Background: Women with ovarian cancer have a continued high symptom burden in comparison to other cancer survivors secondary to ongoing chemotherapy treatment. Prolonged or ineffective management of treatment-related symptoms can contribute to treatment noncompliance, worsening of symptoms, and reduced health-related quality of life.
Objectives: This review of the literature was conducted to describe experimental and quasi-experimental research addressing nonpharmacologic interventions for the treatment-related symptoms of sleep disturbance, pain, anxiety, depression, and low energy or fatigue in women with ovarian cancer and to critique the quality of interventions.
Methods: A systematic search of the literature was conducted in PubMed and yielded 136 articles. Eight articles met the inclusion criteria and were evaluated.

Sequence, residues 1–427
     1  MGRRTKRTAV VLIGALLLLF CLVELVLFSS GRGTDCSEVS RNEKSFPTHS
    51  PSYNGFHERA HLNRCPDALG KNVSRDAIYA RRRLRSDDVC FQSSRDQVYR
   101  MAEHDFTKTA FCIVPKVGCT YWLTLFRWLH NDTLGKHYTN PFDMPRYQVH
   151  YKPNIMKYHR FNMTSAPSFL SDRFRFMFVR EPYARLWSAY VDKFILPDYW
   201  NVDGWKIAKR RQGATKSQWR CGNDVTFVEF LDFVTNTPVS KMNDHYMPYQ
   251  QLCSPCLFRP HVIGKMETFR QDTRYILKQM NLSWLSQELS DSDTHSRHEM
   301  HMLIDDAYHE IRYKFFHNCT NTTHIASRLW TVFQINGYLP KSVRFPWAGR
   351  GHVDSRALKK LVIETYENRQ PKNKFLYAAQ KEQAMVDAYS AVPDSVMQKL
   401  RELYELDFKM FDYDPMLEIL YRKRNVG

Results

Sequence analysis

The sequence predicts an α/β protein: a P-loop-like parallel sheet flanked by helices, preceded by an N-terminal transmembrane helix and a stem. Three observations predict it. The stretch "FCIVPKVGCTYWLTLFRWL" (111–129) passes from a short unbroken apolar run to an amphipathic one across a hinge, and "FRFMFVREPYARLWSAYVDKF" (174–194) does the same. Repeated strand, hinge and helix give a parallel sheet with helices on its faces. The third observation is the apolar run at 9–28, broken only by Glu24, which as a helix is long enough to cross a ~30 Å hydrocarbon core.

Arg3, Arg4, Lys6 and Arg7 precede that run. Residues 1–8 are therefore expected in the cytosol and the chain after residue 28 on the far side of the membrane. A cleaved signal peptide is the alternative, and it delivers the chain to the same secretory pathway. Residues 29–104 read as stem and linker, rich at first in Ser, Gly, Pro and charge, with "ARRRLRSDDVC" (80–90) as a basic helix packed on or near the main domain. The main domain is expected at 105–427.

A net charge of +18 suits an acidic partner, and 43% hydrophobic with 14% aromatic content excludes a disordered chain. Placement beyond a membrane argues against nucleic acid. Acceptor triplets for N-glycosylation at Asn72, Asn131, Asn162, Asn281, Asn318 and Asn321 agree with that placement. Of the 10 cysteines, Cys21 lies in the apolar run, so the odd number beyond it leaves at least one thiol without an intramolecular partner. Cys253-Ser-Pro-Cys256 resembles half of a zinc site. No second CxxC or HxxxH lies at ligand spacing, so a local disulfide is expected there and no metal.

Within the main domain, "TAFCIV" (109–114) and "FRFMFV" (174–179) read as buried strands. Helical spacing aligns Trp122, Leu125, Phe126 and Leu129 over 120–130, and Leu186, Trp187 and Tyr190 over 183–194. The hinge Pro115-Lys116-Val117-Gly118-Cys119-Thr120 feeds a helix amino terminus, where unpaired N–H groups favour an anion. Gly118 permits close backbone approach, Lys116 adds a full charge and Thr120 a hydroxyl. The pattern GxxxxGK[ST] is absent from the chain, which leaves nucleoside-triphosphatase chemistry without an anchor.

Findings: Nonpharmacologic interventions for treatment-related symptoms were complex, with an average of 4.4 components. Intervention delivery, setting, and exposure varied widely across studies. Only three studies contained details sufficient to replicate the intervention. Lack of clarity in intervention reporting may explain perceptions of clinically inefficacious symptom management in this context. Greater attention to reporting would facilitate better translation of interventions into practice and when addressing complex cancer symptom clusters.